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At First Glance, A Growing Budget

February 10, 2017 Common Cents

There are many things not yet known about Governor Sununu’s proposed budget. Although the Governor released his specific spending plan ahead of the February 15 deadline set in State law, he is not required to release the companion bill, commonly called House Bill 2 or the “Trailer Bill,” by the same deadline. This bill also requires the time and attention of the Office of Legislative Services, which transforms policy proposals into formal legislation. House Bill 2 will likely include more details regarding Governor Sununu’s proposed restructuring of two State agencies, targeted State aid for full-day kindergarten, and other policy initiatives not solely related to adding and subtracting funding from budget lines. The Governor’s line-by-line budget proposal, likely soon to be introduced into the Legislature as House Bill 1, reveals some key choices regarding the budget and sets up much of the coming discussion. (To learn more about the budget and the process of creating it, read our Building the Budget resource.)

Looking at the top line numbers, Governor Sununu’s proposed plan to spend $12.179 billion over the next two State Fiscal Years (SFY, beginning July 1, 2017) continues a steady growth trend in nominal budgets, unadjusted for inflation or changes in the costs of delivering government services, seen since the SFYs 2012-2013 budget biennium. The overall budget, including spending from all sources of revenue, is nominally higher than the spending boosted by the influx of federal dollars in SFYs 2010-2011 following the Recession. In the Governor’s proposal, appropriations reliant on Federal Funds, or money transferred from the federal government through grants or matching programs, climb but remain just above 30 percent of all State budget funding. The General Fund, which receives most of its revenue from State taxes rather than fees, transfers, or dedicated funding sources, remains lower than in SFYs 2009 and 2011, but approximately $272 million higher in this biennial proposal than in the previous biennium’s final budget.

Growth, on a biennium-to-biennium basis, in proposed spending is slightly higher than the budgets that passed the Legislature in the last two budget cycles. Upward changes in revenue correlated with continued economic growth have benefited New Hampshire’s financial situation. While past budgets were acutely affected by the increased demand for services, decreased income from existing taxes, and policy choices made surrounding the Recession, the last two biennial budgets have shown moderate growth. Governor Sununu’s budget anticipates limited but continued revenue growth from modified existing sources (enabling General Fund growth) and growth in Federal Funds. Total growth in this proposed budget over the last biennium is 7.3 percent, with the portions in the General Fund and Federal Funds growing at faster rates (9.6 percent and 7.6 percent) than the budget as a whole.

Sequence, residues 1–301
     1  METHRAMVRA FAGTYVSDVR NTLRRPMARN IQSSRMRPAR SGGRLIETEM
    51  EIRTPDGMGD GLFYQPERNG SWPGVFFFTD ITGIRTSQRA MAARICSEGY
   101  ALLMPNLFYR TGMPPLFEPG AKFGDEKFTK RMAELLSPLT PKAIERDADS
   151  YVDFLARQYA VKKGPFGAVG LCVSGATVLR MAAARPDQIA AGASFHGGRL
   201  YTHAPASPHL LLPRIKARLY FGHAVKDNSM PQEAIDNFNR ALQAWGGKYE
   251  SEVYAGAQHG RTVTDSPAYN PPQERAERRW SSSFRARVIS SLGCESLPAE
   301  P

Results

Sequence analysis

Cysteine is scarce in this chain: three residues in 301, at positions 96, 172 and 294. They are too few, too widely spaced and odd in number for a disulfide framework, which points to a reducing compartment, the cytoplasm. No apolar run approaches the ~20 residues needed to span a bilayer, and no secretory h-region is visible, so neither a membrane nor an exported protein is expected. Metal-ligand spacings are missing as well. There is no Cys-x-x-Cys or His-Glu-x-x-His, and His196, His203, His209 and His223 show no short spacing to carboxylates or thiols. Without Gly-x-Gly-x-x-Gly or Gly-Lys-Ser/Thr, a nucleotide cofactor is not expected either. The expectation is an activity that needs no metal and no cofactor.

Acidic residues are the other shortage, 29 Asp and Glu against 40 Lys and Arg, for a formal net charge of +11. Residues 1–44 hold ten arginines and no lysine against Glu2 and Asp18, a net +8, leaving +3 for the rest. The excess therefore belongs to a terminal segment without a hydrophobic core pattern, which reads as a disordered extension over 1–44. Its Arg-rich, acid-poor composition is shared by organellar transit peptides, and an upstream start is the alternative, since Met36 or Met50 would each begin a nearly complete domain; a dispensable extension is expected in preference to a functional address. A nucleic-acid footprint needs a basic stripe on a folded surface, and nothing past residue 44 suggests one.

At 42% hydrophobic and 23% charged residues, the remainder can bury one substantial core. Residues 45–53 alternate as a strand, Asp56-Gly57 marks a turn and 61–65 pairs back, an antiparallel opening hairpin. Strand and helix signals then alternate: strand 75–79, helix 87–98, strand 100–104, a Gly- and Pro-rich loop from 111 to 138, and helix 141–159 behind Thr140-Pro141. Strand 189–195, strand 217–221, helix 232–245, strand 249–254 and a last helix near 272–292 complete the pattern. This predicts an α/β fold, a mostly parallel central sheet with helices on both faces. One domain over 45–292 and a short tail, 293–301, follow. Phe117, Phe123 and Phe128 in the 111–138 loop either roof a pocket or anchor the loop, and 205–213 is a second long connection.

This proposed appropriation growth does not incorporate all of the requests from State agencies. In the agency budget requests, State agencies included $12.3 billion in efficiency budget requests under the caps set by then-Governor Hassan and another $346 million in additional prioritized needs. Governor Sununu’s proposed budget falls $122 million short of the efficiency budget request, despite similar overall State tax revenue projections, and $467 million below the agency budget requests including the additional prioritized needs. Exactly how and why these dollars are shifted around between agencies and where efficiency budgets were trimmed will become clearer following more analysis and the release of House Bill 2.

 

At First Glance, A Growing Budget (PDF)

 

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Census Data Show Challenges with Income, Poverty, and Housing Costs

14 Sep 2017

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The Census Bureau released the one-year estimates for 2016 population characteristics based on the American Community Survey on September 14, showing poverty and unemployment in New Hampshire continue to decline in the wake of the Great Recession, but some groups are still struggling more than others. The poverty rate, or the number of people below the poverty threshold, dropped a statistically significant amount between 2015 and 2016, from 8.2 percent to 7.3 percent, with an estimated 94,289 Granite Staters in poverty in 2016.